Bento can be setup with Gradle:

// Top level build.gradle
allprojects {
	repositories {

// Module level build.gradle
dependencies {
    implementation "<version-number>"
    androidTestImplementation "<version-number>"


We highly encourage contributions from the community, even if you've never contributed to an open source project before! If you see an issue but don't have time to fix it, open an issue in this repository.

Steps for Contributing

0. Requirements

There are a few requirements to compile Bento.

  • Python is needed for the pre-commit hooks to run
  • Java and Kotlin are needed to actually compile the project
  • Android Studio (we recommend >= 3.5.0)

1. Get the code

Fork the this repository, and then clone the code to your local machine.

2. Prepare the git hooks

Once you have the repo on your machine, run the following command from the root of the project.

$ make install-hooks

These git hooks will make sure you're not committing private keys to the repository. In the future we might add more functionality.

3. Create a new branch

We usually like branches to be named:

  • username/issue-number/what-it-do
  • targo/24/fix-item-range

4. Build, change, test, commit

Repeat as necessary. The project should build from within Android Studio and if it doesn't, see the help section below. You should also be able to compile and run the bento-sample-app to test your changes.

You can also run ./gradlew publishToMavenLocal to publish the package to your local maven repo on your machine. From there you can add mavenLocal() before other maven repositories. That way your project can load in the version of Bento you're working on.

We follow the conventional commits specification, and you should write what your changes are about in a clear commit message.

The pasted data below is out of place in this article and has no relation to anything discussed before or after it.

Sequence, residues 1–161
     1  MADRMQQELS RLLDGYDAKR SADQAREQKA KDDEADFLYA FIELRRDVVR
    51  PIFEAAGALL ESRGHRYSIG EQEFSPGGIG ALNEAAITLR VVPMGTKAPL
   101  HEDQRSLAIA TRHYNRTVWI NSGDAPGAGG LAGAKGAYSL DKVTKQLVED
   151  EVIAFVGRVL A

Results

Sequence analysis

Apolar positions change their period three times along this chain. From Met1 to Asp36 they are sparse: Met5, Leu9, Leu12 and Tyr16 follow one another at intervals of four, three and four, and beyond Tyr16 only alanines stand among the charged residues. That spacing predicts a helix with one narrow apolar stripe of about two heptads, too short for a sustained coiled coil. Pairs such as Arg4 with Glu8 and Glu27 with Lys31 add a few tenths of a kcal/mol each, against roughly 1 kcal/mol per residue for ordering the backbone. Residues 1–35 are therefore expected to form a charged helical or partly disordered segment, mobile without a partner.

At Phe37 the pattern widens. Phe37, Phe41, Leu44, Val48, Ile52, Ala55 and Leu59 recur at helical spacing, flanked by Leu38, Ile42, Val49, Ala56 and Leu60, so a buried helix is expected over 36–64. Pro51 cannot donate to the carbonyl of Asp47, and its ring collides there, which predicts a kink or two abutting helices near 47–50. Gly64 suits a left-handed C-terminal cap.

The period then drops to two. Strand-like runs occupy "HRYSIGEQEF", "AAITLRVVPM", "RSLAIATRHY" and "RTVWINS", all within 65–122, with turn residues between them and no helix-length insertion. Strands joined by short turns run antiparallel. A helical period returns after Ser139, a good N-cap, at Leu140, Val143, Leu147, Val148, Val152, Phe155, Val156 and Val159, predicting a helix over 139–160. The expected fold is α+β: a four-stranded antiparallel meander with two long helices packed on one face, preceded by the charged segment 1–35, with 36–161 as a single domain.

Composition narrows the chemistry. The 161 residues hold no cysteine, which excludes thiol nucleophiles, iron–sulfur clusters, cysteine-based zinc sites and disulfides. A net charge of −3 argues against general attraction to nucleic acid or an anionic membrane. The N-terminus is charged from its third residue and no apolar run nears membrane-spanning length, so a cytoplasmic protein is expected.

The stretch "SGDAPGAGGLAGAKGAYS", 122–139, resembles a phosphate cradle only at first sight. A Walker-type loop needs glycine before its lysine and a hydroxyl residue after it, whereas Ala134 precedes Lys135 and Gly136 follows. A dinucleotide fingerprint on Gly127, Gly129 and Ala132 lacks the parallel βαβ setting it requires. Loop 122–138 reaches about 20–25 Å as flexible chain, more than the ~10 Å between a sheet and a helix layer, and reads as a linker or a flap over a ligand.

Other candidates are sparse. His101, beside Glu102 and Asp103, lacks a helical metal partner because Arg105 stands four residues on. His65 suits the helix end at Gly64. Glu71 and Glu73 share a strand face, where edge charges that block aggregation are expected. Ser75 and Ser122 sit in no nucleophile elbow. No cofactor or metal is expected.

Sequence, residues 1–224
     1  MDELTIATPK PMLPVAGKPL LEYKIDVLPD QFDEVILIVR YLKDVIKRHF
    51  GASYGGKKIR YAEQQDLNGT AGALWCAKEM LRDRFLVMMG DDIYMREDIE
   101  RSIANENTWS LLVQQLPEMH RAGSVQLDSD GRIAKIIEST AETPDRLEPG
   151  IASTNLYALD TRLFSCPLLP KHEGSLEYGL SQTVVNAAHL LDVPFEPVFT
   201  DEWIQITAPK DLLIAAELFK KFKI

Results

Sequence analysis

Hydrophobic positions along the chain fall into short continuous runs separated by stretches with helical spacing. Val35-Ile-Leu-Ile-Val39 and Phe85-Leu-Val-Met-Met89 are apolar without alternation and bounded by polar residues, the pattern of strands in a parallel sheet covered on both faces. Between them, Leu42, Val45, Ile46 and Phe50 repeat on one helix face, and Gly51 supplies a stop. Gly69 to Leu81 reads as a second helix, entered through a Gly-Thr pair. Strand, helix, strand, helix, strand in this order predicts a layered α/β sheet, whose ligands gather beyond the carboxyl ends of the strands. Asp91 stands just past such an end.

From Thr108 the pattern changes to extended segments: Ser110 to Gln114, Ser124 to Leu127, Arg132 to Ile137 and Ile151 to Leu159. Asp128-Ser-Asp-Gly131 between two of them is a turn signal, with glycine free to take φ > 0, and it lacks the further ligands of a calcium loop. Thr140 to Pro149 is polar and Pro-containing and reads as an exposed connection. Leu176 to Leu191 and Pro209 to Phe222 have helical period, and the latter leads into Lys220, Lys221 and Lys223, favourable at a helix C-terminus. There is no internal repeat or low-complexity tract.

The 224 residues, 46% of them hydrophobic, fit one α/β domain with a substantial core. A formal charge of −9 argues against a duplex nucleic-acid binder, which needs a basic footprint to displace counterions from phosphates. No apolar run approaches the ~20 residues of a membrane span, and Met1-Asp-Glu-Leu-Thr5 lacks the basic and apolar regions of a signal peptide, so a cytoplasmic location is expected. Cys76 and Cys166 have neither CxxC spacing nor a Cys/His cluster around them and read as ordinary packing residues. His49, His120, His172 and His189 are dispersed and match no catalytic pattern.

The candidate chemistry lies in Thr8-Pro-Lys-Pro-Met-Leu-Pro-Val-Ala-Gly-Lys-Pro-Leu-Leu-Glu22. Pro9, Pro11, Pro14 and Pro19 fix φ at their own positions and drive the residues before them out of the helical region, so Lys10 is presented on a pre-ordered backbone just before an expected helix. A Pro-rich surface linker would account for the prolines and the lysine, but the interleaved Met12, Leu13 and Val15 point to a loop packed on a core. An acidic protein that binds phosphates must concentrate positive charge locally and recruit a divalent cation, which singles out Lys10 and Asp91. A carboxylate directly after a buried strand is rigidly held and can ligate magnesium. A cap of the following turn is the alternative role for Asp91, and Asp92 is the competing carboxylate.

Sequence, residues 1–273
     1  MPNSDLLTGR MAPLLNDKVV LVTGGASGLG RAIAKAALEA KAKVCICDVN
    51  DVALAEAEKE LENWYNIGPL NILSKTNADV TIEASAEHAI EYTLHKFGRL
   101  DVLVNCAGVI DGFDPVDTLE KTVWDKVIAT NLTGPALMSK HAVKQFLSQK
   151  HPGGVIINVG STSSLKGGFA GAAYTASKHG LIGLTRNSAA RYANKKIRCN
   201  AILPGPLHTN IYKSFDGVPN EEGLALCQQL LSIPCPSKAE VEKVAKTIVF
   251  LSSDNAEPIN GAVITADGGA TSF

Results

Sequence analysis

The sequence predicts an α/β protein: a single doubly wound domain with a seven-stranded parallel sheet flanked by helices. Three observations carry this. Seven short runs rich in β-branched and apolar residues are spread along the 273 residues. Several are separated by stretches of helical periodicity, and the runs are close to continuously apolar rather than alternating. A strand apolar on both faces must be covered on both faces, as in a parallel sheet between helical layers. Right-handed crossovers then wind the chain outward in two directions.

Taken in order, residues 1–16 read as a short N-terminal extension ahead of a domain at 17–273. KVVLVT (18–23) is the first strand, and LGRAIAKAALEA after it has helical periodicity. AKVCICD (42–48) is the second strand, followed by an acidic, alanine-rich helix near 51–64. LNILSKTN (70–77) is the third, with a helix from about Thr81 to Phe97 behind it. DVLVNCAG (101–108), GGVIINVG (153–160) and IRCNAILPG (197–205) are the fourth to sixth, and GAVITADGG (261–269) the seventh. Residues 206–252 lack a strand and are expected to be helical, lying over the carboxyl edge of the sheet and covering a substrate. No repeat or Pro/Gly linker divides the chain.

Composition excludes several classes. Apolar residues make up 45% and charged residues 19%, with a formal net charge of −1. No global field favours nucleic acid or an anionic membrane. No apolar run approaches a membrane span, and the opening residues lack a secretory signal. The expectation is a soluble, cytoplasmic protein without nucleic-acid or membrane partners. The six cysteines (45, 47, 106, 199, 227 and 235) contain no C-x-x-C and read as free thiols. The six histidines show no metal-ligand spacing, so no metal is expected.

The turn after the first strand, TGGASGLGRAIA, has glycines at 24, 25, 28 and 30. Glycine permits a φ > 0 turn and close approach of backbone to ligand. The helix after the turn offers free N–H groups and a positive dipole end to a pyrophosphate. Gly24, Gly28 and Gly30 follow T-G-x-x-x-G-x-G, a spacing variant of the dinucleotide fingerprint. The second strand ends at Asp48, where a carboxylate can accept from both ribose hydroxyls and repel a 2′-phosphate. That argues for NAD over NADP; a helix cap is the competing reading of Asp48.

5. Push your changes and open a pull request

First, squash your commits if you have multiple, and make sure your commit message follows the conventional commits convention. Push your branch with the new commits to your cloned repo, then open a pull request through GitHub. Once Travis CI gives it a green light along with a member of our team, it will be merged.

If your reviewer asks for some changes, address the issue and then make sure to amend your previous commit - there should be only one commit per pull request. Push your changes, repeat until you get a green light.

Making a release

We switched to using standard-version to handle our releases. standard-version is a utility for versioning using semver and CHANGELOG generation powered by Conventional Commits.

If you are one of the members and must release a new version, then check its documentation. You will need to install npm if you don't have it. (We recommand using homebrew to do so.)

With npm install, install standard-version globally: npm i -g standard-version

From master, run standard-version.

standard-version will:

  • detect the previous version tag (based on git tags)
  • infer the next version number, based on previous standard commit messages. A breaking change will trigger a major bump, a new feature will trigger a minor bump, and a fix will trigger a patch bump.
  • update the file with the commit messages, as well as the GlobalDependency.kt file with the new version number.
  • create a new commit with these change, and tag it with the version number.

The rest has to be done manually: check that the commit looks good (proper changelog, version number, tag), then push both commit and tags to master.

Publishing to maven is also done manually for now. This process is internal to Yelp, and we have an internal wiki page about deployment to Maven. Check with other Yelp members about how to proceed when in doubt.


  • Open a GitHub issue and tag it with the Question tag
  • Ask a question on StackOverflow and tag it with bento and android


Apache 2.0 - Please read the LICENSE file.


A delicious framework for building modularized Android user interfaces, by Yelp.